This library provides a class for monads which can log messages, and an
associated monad transformer. It also includes associated data types and
utilities, like a
Message type, log filters, and formatters. It's roughly
inspired by http://hackage.haskell.org/package/monad-logger.
See doc/Example.purs for an example of how to use this library.
Say you have a function that returns an effect to calculate a string:
doSomething :: forall m. MonadEffect m => m String doSomething = pure "foobar!"
You can add logging to it by doing something like this:
doSomethingWithLog :: forall m. MonadLogger m => MonadEffect m => m String doSomethingWithLog = do debug empty "About to do something!" result <- doSomething debug (tag "Result" result) "Did the thing!" pure result
To resolve the logger context, pass a log handler to
runLoggedStuff:: forall m. MonadEffect m => m String runLoggedStuff = runLoggerT doSomethingWithLog $ prettyFormatter >=> Console.log
Log levels are defined in Data.Log.Level. For each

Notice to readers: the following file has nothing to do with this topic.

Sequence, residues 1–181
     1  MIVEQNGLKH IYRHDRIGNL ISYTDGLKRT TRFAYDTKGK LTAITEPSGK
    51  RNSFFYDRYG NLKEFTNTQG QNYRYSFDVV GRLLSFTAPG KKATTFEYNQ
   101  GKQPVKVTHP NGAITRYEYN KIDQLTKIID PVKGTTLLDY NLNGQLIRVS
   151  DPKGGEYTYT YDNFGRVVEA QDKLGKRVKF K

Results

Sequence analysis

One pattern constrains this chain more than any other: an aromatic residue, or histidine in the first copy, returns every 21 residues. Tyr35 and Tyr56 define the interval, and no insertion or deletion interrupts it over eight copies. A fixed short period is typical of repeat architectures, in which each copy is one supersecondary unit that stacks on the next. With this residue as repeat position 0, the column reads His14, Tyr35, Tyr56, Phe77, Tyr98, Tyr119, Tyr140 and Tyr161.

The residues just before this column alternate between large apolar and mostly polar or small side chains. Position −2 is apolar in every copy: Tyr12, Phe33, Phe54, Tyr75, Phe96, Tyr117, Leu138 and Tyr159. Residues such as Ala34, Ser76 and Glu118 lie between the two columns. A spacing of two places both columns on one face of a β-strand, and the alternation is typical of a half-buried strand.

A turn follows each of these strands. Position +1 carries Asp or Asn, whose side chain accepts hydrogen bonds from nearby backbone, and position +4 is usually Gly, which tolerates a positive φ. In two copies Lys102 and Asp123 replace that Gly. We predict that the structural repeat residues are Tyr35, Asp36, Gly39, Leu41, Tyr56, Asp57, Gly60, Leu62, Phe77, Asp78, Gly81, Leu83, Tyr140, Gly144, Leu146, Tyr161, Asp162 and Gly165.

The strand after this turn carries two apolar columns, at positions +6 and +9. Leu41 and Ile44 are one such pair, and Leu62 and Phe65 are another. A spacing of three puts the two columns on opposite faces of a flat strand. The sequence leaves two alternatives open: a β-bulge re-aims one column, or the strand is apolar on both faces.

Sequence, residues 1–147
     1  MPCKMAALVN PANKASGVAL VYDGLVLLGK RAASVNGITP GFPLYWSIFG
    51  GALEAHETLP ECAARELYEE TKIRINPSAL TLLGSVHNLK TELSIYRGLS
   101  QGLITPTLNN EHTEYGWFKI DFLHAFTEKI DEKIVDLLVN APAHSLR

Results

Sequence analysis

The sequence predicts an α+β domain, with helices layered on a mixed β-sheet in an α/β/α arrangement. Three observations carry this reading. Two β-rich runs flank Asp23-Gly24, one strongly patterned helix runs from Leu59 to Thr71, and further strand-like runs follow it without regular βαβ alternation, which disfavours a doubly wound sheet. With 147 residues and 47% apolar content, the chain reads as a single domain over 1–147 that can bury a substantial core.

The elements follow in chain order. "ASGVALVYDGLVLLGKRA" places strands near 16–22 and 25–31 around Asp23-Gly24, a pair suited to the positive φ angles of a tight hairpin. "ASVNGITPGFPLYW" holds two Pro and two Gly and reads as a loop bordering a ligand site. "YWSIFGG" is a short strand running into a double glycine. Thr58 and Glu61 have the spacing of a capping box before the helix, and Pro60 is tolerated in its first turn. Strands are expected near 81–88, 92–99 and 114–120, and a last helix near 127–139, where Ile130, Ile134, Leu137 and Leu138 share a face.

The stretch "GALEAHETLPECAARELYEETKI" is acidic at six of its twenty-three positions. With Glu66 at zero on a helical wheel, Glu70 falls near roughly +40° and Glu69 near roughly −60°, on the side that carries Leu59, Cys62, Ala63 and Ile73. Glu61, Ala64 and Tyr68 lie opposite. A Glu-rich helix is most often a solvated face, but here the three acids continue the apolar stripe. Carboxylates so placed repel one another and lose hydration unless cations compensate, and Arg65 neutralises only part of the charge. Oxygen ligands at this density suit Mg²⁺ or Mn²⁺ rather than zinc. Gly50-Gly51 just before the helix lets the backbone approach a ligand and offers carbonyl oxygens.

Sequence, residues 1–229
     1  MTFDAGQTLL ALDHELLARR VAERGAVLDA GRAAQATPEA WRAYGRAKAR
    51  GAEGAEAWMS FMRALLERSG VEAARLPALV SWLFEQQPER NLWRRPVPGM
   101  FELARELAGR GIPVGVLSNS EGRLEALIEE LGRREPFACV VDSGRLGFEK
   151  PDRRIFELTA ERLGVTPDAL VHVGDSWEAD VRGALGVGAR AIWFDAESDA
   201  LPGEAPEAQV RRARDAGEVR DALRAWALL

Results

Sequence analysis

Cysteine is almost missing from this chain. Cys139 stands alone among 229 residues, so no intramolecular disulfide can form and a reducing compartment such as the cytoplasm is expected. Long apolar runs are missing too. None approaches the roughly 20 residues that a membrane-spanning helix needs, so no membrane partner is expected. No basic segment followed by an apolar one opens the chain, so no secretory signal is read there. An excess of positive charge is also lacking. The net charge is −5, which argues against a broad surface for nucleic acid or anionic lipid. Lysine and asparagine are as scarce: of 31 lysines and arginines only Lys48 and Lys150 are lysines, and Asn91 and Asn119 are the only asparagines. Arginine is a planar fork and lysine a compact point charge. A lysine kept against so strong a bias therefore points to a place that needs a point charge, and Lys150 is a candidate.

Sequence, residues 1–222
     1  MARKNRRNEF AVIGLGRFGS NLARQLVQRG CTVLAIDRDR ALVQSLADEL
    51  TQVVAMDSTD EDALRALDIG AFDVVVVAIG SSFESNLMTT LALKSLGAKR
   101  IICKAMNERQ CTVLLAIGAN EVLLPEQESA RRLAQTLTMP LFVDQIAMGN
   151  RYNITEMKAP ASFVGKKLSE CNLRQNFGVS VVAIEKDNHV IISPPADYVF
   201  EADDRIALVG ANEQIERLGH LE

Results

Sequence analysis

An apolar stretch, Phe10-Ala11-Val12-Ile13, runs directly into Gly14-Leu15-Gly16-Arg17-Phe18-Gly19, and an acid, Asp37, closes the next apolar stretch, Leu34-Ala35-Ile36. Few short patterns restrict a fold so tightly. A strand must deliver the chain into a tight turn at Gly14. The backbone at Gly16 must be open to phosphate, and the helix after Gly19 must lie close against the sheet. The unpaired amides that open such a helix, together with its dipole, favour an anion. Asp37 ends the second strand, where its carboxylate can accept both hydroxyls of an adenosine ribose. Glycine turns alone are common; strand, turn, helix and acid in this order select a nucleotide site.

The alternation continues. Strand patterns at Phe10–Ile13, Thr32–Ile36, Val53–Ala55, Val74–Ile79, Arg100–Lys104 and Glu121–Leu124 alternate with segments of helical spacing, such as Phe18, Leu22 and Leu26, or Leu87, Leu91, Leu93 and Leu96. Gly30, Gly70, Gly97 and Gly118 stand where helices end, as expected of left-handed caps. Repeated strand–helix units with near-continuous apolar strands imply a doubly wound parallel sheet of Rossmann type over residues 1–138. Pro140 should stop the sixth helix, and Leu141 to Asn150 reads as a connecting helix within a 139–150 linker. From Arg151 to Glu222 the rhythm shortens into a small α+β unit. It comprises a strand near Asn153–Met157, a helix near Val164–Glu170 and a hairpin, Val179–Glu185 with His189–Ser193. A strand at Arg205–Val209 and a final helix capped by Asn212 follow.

level, there is an associated function in
Control.Monad.Logger.Class which will
generate a timestamped
Message of that level and pass it onto the log handler.
You can add various metadata to your log lines by using tags. You can generate tags of various types by using the functions exported from Data.Log.Tag.
A log handler is just a function with the signature:
forall m. MonadEffect m => Message -> m Unit
MonadEffect constraint is required, even if you don't do anything
effectual with your log handler, because this library generates timestamps for
Typically you will create a log handler by passing log messages through a
formatter and to something like
Console.log. Sometimes you might want to add
a message filter, if you don't want to deliver all logs to a particular target.
Message payloads to strings. There are two formatters built
- Data.Log.Formatter.Pretty: generates beautiful, asci-colored strings, appropriate for a developer console log
- Data.Log.Formatter.JSON: generates compact JSON strings, appropriate for log files or piping logs through an external tool for processing
Filters are used, as the name implies, to only pass through certain messages to handler. Built-in formatters are available in Data.Log.Filter and can be used to filter messages out by log level.